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Name: Saundra
Status: Educator
Age: 30s
Location: N/A
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Date: N/A 

Is it possible to obtain DNA from human blood consumed by a mosquito, recognizing (I think) that the red blood cells have no nuclei, and so wouldn't carry DNA, whereas white blood cells would?

Would the ability to derive a DNA sample be dependant on the mosquito having comsumed white blood cells? And if it is possible, would the digestive breakdown of the blood by the mosquito render it impossible to extract the DNA, and if so, after what period of time ie for how long after drawing the blood would the DNA remain sufficiently constituted?

A good question, Saundra,

Jurassic Park has many people thinking about related issues! You correctly note that red cells (RBCs) lack a nucleus, thus providing no genetic encyclopedia of their history. However, a given volume of human blood contains about 45% RBCs, about 1% platelets & white cells (WBCs); the rest is plasma. Therefore for every 45 RBCs, you'll also get 1 WBC, on average. The volume taken in by a mosquito can therefore contain LOTS of WBCs and ample opportunity to sample the DNA. As to the issue of how long it would take digestive enzymes present in the mosquito gut to render the DNA unreadable, which I think would doubtless happen sooner or later... I have no idea. Several variables here: specificity of the enzymes, temperature, etc. Hopefully an entomologist out there will read your question & provide us some information about that.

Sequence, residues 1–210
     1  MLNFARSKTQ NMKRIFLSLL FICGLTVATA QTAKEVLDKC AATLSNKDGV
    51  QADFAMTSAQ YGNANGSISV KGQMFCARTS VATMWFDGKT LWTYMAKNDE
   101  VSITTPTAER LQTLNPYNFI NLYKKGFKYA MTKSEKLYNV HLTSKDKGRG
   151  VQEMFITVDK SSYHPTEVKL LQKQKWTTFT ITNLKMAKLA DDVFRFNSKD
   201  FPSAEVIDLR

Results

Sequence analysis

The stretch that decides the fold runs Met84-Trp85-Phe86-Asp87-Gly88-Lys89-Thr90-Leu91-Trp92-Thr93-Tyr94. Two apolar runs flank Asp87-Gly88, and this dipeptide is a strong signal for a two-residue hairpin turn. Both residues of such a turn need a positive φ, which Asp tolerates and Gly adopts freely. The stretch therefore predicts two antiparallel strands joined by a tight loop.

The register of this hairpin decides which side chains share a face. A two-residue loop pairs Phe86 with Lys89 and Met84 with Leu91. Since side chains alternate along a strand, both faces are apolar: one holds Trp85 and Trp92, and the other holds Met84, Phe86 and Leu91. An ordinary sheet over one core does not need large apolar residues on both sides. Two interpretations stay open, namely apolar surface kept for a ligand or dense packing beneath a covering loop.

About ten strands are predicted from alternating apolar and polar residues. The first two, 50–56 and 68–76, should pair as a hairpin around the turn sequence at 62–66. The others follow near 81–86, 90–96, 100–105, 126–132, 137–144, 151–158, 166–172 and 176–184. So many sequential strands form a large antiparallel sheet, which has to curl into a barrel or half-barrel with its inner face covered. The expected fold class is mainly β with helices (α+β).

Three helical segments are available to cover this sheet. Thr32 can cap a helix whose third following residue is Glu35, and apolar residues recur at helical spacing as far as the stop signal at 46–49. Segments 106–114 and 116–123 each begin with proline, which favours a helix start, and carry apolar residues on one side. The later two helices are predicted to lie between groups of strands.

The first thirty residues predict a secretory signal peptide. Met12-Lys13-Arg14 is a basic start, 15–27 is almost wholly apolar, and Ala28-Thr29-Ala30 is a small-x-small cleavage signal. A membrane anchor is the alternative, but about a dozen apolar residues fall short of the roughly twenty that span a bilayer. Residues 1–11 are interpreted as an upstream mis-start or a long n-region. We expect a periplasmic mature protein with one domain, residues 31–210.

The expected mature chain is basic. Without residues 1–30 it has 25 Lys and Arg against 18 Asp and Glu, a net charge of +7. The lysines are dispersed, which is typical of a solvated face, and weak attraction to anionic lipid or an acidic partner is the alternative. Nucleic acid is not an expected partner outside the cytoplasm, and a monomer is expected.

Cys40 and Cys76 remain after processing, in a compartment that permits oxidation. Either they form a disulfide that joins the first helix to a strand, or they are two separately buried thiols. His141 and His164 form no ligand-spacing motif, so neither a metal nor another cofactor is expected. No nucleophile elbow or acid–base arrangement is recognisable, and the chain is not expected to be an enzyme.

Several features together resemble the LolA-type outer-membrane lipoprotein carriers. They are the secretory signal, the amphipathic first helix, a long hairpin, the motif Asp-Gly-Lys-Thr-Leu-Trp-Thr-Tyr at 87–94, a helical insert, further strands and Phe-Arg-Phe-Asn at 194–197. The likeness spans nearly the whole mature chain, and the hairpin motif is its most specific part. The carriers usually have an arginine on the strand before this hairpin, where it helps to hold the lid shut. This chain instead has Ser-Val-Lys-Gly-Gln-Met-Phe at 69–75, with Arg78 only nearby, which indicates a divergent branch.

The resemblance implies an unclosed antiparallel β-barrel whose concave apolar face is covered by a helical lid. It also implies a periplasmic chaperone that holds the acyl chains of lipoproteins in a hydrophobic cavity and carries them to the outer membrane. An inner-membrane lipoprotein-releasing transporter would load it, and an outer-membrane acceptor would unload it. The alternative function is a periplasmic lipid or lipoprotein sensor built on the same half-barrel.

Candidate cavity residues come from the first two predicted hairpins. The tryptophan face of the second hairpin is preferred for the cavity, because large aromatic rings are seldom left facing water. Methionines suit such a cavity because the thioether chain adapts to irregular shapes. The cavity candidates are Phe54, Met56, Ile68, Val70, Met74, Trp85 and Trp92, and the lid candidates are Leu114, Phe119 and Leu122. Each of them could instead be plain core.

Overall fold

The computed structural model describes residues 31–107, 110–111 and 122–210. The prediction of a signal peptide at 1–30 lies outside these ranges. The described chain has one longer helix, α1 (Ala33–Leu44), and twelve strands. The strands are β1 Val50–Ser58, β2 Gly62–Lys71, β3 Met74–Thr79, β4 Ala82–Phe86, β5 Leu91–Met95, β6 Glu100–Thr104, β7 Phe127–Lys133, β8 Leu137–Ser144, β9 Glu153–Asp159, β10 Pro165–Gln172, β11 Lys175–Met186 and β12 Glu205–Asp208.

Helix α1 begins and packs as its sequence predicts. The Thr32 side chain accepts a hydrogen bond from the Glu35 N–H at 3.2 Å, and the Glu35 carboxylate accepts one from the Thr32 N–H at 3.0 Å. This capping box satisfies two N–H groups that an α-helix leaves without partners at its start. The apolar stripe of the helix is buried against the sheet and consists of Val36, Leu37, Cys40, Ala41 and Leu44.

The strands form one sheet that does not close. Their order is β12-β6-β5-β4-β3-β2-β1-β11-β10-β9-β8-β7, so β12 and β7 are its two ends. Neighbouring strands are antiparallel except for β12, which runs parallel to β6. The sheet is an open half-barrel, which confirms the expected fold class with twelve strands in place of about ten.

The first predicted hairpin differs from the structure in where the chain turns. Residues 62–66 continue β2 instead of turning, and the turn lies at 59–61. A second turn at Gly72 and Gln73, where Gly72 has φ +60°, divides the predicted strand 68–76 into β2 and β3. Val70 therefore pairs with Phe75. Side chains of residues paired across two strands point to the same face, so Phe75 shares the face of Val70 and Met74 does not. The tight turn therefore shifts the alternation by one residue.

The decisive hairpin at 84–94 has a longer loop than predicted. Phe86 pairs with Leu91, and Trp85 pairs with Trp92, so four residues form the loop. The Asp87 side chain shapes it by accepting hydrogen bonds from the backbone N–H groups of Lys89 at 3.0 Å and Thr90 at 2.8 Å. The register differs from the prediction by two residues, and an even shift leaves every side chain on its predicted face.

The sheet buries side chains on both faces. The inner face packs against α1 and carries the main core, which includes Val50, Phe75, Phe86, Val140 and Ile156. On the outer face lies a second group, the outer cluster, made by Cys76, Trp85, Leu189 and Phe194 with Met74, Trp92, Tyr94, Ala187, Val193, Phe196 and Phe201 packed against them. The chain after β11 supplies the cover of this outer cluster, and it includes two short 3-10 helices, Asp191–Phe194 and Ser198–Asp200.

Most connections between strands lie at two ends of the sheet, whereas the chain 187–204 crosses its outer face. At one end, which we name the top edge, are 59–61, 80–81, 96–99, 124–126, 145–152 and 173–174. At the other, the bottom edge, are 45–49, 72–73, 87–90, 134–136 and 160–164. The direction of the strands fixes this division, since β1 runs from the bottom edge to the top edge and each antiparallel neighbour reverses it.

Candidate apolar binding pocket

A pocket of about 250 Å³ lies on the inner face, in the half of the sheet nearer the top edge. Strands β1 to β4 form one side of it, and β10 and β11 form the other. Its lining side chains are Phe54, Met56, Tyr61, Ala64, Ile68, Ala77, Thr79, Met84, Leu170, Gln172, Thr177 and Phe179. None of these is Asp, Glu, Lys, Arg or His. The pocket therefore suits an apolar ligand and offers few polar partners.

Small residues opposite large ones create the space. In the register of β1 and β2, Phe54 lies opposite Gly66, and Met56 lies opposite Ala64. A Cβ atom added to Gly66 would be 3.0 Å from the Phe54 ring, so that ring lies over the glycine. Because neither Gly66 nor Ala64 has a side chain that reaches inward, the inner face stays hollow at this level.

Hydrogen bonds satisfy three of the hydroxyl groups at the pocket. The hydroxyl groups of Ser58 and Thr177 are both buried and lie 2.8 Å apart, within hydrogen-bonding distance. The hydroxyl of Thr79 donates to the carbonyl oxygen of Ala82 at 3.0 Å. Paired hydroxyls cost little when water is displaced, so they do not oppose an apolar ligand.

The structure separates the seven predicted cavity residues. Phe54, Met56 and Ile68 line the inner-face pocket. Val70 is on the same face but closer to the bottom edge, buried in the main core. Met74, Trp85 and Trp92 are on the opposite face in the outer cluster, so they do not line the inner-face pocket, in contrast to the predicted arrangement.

You're correct that red blood cells contain no DNA and that white blood cells do carry DNA. And you're also correct that the mosquito would have to ingest white blood cells. However, I think it's pretty unlikely with the tiny volume of blood that a single mosquito would consume that there'd be enough human cells present to extract a DNA sample. Also, I can't imagine how you'd recover the blood that a mosquito has ingested without a tremendous contamination with mosquito cells (therefore mosquito DNA).

If you wanted to do a weird experiment like extracting DNA from mosquitoes to look for evidence of human blood, you'd need a lot of mosquitoes (a hundred per DNA sample?). You could grind them all up whole to make DNA from the whole population. Then by using PCR (polymerase chain reaction) you could try to amplify a common human gene like a ribosomal gene. I don't know if it would work, but it might be cool to try.

Christine Ticknor
Ph.D. Student
Yale University
New Haven, Connecticut

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